At Dan Helwig, Inc. REALTORS®, we are committed to the security of your financial information. However, you must also take every step to ensure the safety and privacy of your information. To help educate you on certain types of frauds such as identity theft, online fraud and scams, we've listed some examples of fraudulent attempts. We’ve also detailed some of the major threats on the Internet today. Fraud and Scams do happen when involved in transactions regarding assets of monetary value. Protect yourself by consulting a professional over the phone or in person to verify any activity or contact with a person that seems suspicious. Criminals have sophisticated ways to steal your information—by text, using social media, through email, and by breaching retail and commercial systems that have personal identifiers like your birth date, Social Security Number, and other details. Many people don’t realize they are a victim of ID theft until they start getting the bills; in some cases, that notification may be from when criminals file for unemployment benefits using a stolen identity, it can take time to unravel what happened.
Fake Listings and Rental Scams
Scammers frequently post property rental ads on Craigslist or social media to lure in unsuspecting renters, sometimes using photos from other listings. The scammers, who have no connection to the property or its owner, will ask for an upfront payment to let you see the property or hold it as a deposit. In reality, they’re just looking to get quick cash through nefarious means — and they often succeed.
Rental scams are alarmingly common. According to data from Apartment List, an estimated 5.2 million renters in the U.S. have lost money due to rental fraud. Of those, one in three lost more than $1,000. How to protect yourself? The FTC recommends that renters educate themselves about potential scams when looking for a new place. It also urges renters to do their research and get all terms and details of their transaction in writing.
1. Be suspicious of anyone who asks for a cash deposit upfront to see a property.
2. Make sure you’re dealing with the real property owner before negotiating rental terms or seeing a property in person. Search the County Records to find out who the current property owner is and look for their contact information online.
3. Use a check, never cash, to make any payment so you have an automatic receipt.
4. If someone claims to be a real estate agent, ask for their license number and confirm the information online through your state’s division of real estate licensing.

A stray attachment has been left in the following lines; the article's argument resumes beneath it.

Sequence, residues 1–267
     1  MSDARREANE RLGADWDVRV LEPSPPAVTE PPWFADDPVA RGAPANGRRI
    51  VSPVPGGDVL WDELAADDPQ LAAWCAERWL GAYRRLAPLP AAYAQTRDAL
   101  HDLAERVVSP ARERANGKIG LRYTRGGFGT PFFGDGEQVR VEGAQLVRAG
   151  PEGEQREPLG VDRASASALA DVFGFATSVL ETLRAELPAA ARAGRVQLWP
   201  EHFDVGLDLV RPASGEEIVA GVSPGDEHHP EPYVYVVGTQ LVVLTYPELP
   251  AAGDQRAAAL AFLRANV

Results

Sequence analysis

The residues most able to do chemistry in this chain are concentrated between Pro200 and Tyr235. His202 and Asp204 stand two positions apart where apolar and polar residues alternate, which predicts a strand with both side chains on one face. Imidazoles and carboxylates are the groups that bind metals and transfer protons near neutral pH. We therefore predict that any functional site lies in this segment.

Fake e-mails will often ask you for personal information. They may promise a prize or gift certificate in exchange for completing a survey or answering questions. In order to collect the alleged prize or gift certificate you may be directed to provide your personal information.
You can identify Fake e-mails because they often contain an overly-generic greeting and may claim that your information has been compromised, that your account has been frozen, or ask you to confirm the authenticity of your transactions. While some e-mails are easy to identify as fraudulent, others may appear to be from a legitimate address and trusted online source. However, you shouldn’t rely on the name or address in the "From" field, as this is easily altered.
Fake e-mails may direct you to counterfeit websites carefully designed to look real, but which actually collect personal information for illegal use. Check the URL in your browser’s address bar to ensure you are visiting a legitimate website. In addition to links to counterfeit websites, some fake e-mails also include links to legitimate websites as supplements to fraudulent e-mails in order to make them appear real.
Fake e-mails often contain telephone numbers that are tied to the fraudsters. Never call a number featured on an e-mail you suspect is fraudulent, and be sure to cross-check any numbers you do call with companies you know and trust. Some of the telephone numbers listed in fake e-mails may be legitimate, connecting to actual companies. Just like with links to legitimate websites (above), fraudsters include real phone numbers in an effort to make the e-mail appear legitimate.
Social Media Fraud
Sometimes, scammers will attempt to appear as a legitimate business on social media. We never ask for identifying information, photos, or documents through social media. Our social media platforms are for information only.
Don’t participate in those ‘fun’ social media surveys on social media that will reveal your personality type if you answer a few questions about your favorite color, first pet, or childhood best friend? These can be scams designed to get you to reveal the answers to common security questions. Don’t participate in these no matter where they originated.
If you get an email, phone call or text from someone purporting to be from the title or escrow company with instructions on where to wire your escrow funds, be leery. Fraudsters set up fake websites that appear similar to the title or lending company you’re working with, making it seem like the real deal. Scammers use spoofing tactics to make phone numbers, websites and email addresses appear familiar. But in these cases, one number or letter is often off.
Before you send money to a third party, go back to the original documents you received from your lender and call the phone numbers listed there to verify the wiring instructions you received. Never click on email or text links, or send money online, without verifying wire instructions with a live person on the phone from a number that you’ve called and verified. Be wary of any email or text requesting a change to wiring instructions you already have